What a sham.

  • http://www.stephentaylor.ca Stephen Taylor

    LaFlamme is highly capable. I just don't think the responsibility is the same these days.

  • http://www.stephentaylor.ca Stephen Taylor

    This is a good point. Does it take a titan to interview a titan? Or is the Prime Minister just the first commoner among commoners?

  • http://www.stephentaylor.ca Stephen Taylor

    Cable is one thing, but the next wave is online. We're still trying to understand how that part will all shake out.

  • batb (been around the block)

    ST: “Does it take a titan to interview a titan?”

    Good question (and Jason Martyn's point), however, neither Lloyd Robertson nor Peter Mansbridge are “titans.” LOL!

    Mr. Martyns must be a lot younger and a lot more gullible than I am. I've been watching I'm-Peter-Mansbride-and-you're-not and Lloyd for a long time, and the longer I watch them, the less I appreciate their assumed “titan” status. They're company men. They voice the political attitudes and perspectives of the CBC and CTV guys at the top.

  • batb (been around the block)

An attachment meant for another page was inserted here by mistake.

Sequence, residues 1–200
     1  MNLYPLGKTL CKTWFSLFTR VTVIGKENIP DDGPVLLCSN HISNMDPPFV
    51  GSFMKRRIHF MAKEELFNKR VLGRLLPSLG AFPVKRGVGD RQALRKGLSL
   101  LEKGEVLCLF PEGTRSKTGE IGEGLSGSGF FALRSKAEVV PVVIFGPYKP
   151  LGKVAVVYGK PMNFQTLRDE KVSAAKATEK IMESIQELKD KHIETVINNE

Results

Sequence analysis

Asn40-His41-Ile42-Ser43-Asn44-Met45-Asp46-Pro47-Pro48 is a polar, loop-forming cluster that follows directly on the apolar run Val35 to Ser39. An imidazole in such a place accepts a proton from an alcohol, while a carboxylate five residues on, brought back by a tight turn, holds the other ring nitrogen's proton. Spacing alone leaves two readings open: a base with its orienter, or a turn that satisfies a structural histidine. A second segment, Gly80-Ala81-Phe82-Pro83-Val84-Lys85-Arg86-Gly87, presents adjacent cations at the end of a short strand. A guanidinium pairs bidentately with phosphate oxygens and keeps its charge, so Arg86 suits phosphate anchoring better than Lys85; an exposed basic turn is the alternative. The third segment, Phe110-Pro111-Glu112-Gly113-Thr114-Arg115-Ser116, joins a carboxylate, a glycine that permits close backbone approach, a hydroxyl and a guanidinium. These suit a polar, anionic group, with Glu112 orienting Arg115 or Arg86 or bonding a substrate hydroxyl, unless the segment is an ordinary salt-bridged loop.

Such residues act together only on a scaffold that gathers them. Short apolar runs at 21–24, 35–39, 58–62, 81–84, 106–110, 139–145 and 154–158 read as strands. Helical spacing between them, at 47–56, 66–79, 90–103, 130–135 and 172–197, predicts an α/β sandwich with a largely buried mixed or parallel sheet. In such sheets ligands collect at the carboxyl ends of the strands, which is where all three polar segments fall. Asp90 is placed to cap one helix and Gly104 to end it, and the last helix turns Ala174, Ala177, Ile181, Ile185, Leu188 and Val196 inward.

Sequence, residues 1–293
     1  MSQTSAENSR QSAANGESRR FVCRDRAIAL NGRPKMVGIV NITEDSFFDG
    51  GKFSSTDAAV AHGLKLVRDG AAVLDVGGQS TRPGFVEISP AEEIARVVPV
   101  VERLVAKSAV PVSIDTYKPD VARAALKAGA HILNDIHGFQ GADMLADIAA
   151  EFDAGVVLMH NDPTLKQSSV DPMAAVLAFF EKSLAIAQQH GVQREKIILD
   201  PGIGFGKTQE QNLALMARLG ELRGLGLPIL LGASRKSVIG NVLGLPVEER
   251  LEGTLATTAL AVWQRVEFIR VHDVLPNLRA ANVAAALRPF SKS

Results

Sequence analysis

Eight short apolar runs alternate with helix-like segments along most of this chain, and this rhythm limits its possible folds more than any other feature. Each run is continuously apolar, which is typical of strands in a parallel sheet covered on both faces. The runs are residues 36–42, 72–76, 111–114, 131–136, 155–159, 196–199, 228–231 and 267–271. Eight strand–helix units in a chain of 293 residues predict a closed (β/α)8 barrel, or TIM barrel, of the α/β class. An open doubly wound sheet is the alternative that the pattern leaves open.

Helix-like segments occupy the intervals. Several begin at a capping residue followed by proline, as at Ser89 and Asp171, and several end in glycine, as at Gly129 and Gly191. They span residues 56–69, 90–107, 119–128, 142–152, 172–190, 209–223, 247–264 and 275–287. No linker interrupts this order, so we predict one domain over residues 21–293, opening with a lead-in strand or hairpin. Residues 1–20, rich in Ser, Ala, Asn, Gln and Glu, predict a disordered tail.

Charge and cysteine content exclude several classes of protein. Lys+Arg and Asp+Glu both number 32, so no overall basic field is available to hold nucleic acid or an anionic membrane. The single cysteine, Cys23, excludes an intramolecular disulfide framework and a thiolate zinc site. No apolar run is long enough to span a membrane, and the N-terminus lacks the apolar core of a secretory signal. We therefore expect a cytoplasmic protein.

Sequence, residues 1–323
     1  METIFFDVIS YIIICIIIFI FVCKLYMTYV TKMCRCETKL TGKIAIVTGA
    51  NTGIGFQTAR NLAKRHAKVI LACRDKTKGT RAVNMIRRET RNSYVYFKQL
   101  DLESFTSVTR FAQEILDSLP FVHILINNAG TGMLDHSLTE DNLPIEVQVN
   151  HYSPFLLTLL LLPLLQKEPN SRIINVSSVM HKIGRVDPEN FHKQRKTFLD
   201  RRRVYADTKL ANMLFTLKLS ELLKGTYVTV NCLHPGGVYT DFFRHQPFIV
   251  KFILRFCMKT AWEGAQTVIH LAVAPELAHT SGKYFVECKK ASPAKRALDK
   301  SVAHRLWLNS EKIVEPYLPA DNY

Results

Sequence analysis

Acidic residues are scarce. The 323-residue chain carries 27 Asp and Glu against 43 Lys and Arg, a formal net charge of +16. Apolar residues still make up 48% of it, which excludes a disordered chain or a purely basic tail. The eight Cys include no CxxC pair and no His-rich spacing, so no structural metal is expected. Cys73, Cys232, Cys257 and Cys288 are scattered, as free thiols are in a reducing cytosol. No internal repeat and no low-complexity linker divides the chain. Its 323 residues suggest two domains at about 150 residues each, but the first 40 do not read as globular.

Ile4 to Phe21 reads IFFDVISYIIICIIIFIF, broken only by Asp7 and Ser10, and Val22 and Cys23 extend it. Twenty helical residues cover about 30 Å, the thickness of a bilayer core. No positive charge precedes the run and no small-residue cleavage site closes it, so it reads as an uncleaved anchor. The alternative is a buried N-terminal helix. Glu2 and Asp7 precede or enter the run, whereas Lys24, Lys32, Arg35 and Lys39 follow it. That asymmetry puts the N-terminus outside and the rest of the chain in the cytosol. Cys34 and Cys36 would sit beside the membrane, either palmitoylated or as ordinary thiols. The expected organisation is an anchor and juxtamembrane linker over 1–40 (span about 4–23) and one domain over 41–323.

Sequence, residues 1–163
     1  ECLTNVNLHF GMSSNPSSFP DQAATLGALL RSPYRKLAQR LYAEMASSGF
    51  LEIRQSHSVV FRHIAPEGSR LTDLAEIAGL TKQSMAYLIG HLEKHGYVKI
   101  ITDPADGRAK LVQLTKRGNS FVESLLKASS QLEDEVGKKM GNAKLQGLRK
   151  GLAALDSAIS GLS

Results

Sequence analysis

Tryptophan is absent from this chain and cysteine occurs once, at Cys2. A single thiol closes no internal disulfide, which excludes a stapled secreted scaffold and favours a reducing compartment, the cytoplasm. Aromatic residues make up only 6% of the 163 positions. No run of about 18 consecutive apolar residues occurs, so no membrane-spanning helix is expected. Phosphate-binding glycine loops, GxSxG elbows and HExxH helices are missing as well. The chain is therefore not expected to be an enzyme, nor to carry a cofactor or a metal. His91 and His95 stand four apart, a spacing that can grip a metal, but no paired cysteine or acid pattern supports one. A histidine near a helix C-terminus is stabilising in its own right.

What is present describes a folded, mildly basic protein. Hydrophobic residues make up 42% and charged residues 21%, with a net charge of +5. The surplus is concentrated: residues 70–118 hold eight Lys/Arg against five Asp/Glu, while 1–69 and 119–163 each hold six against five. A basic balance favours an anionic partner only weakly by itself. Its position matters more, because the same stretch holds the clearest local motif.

LaFlamme may be highly capable, but I don't intend to watch her. I'll change the channel, go to the blogs, read a book, or go to bed.

  • dance…dance to the radio

    I see your point.
    But you have to address the issue of content.
    And CTV doesn't have it.
    I get most of my news from online sources.
    But just like I will watch TSN to get highlights of my favourite team, I will watch the news to get highlights of my favourite stories because sometimes laying on the couch is easier than sitting in front of my computer.
    When SunTV starts broadcasting I'll tune in for that reason.
    I won't watch CTV or CBC unless it's election night.

  • kenn2

    …because the bat only wants to hear what she wants to hear. If it doesn't echo the voice in her head, it must be biased. By 'biased' I mean left-slanted, because the bat doesn't' consider right -slanted coverage to be biased.

    The new media 'paradigm' she referenced in another thread is that anyone who can pony up $0 to $60 per year can have a blog. Basically this means that the crazy that used to be confined to and distributed on a few mimeographed sheets can now be put online and can theoretically be seen by as many people as CNN.

    O brave new world…

  • batb

    Hmmm. There's someone else, kenn2, who used to refer to me as “the bat.” Are you blowing your cover? (The kenn2 moniker is fairly recent.)

    I don't see “bias” or “biased” anywhere in my comments. Please don't put words into my mouth, kenn2 — or, whoever you are.

  • kenn2

    I don't see “bias” or “biased” anywhere in my comments.

    Having memory issues?

    “the bat” – I don't expect that I was the only one to ever see this in batb. It's kind of gentle mocking, but if it really bugs you, I'll desist.